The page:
The European Shuffle
Meanwhile, on the other side of the planet, the new principles of openness and restructuring are applied first in politics, then economics. In the aftermath of the spectacular implosion of the Soviet Union, most energy is spent promoting democracy and dismantling the vestiges of the Cold War. With time, an equal amount of energy is applied to restructuring and retooling economies - in some obvious and not so obvious ways.
First, Europe at large has to reintegrate itself, both economically and politically. Much of the 1990s is spent trying to integrate eastern and western Europe. All eyes first focus on the new Germany, which powers through the process on the basis of sheer financial might. Next the more advanced of the eastern European countries - Poland, Hungary, the Czech Republic - get integrated, first into NATO, with formal acceptance in 2000, and then into the European Union in 2002. The more problematic countries of eastern Europe aren't accepted into the union for another couple years. Alongside this East-West integration comes a more subtle integration between the western European countries. With fits and starts, Europe moves toward the establishment of one truly integrated entity. The European currency - the euro - is adopted in 1999, with a few laggards, like Britain, holding out a few more years.
Though the UK may have dragged its feet on the European currency measure, in an overall sense it's far ahead of the pack. The economic imperative of the era is not just to integrate externally but to restructure internally. Right around 1980, Margaret Thatcher and Ronald Reagan begin putting together the formula that eventually leads toward the new economy. At the time it looks brutal: busting unions, selling off state-owned industries, and dismantling the welfare state. In hindsight, the pain pays off. By the mid-1990s, the US unemployment rate is near 5 percent, and the British rate has dropped to almost 6 percent. In contrast, unemployment on the European continent hovers at 11 percent, with some individual countries even higher.
Indeed, through the 1990s, the rest of Europe remains trapped in the legacy of its welfare states, which maintain their political attractiveness long after they outlive their economic worth. By 2000, chronic unemployment and mounting government deficits finally force leaders on the continent to act. Despite widespread popular protests, especially in France, Europe goes through a painful economic restructuring much like the United States did a decade before. As part of this perestroika, it retools its economy using the new information technologies. This restructuring, both of corporations and governments, has much the same effect it had on the US economy. The European economy begins to surge and create many new jobs. By about 2005, Europe - particularly in the northern countries like Germany - even has the beginnings of a serious labor shortage as aging populations begin to retire.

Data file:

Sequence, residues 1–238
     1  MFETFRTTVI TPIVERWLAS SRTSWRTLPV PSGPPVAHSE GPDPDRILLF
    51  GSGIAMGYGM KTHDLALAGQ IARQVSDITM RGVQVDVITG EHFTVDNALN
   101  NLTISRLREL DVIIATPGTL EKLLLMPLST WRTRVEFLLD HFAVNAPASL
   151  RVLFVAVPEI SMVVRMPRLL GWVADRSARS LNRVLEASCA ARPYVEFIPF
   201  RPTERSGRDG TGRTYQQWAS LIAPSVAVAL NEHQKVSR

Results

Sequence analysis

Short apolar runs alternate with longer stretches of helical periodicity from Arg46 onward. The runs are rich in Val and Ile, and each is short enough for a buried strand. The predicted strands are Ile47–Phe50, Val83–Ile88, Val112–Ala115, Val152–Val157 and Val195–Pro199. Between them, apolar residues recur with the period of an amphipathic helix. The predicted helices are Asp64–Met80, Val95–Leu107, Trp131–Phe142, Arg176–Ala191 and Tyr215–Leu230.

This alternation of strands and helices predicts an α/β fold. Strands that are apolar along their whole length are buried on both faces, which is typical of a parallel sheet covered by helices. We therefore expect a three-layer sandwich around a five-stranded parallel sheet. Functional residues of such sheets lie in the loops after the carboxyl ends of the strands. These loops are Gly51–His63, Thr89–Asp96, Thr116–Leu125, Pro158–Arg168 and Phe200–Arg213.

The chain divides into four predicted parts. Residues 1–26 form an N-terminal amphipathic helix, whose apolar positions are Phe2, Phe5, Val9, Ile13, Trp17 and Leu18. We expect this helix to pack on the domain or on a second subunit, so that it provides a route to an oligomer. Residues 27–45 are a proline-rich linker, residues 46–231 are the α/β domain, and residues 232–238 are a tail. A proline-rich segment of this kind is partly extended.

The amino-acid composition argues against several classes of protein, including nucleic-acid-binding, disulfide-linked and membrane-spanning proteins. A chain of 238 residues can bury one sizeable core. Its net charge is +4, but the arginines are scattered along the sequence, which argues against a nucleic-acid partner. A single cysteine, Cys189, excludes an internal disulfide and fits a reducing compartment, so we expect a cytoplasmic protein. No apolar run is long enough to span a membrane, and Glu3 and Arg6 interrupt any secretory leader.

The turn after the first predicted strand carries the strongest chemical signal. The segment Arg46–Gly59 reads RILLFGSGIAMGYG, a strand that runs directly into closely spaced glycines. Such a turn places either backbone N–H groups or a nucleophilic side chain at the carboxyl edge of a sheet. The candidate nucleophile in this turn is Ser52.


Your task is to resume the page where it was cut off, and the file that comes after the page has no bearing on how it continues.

Then the Russian economy kicks in. For 15 years, Russia had been stumbling along in its transition to a capitalist economy, periodically frightening the West with overtures that it might return to its old militaristic ways. But after almost two decades of wide-open Mafia-style capitalism, Russia emerges in about 2005 with the basic underpinnings of a solid economy. Enough people are invested in the new system, and enough of the population has absorbed the new work ethic, that the economy can function quite well - with few reasons to fear a retrenchment. This normalization finally spurs massive foreign investment that helps the Russians exploit their immense natural resources, and the skills of a highly educated populace. These people also provide a huge market for Europe and the rest of the world.
The Global Stampede
By the close of the 20th century, the more developed Western nations are forging ahead on a path of technology-led growth, and booming Asia is showing the unambiguous benefits of developing market economies and free trade. The path for the rest of the world seems clear. Openness and restructuring. Restructuring and openness. Individually, nations begin adopting the formula of deregulating, privatizing, opening up to foreign investment, and cutting government deficits. Collectively, they sign onto international agreements that accelerate the process of global integration - and fuel the long boom.
Two milestones come in 1997: the Information Technology Agreement, in which almost all countries trading in IT agree to abolish tariffs by 2000, and the Global Telecommunications Accord, in which almost 70 leading nations agree to rapidly deregulate their domestic telecom markets. These two developments quickly spread the two key technologies of the era: computers and telecommunications.

Everyone benefits, particularly the underdeveloped economies, which take advantage of the leapfrog effect, adopting the newest, cheapest, best technology rather than settling for obsolete junk. IT creates a remarkable dynamic that brings increasing power, performance, and quality to each new generation of the technology - plus big drops in price. Also, wireless telecommunications allow countries to avoid the huge effort and expense of building wired infrastructures through crowded cities and diffuse countrysides.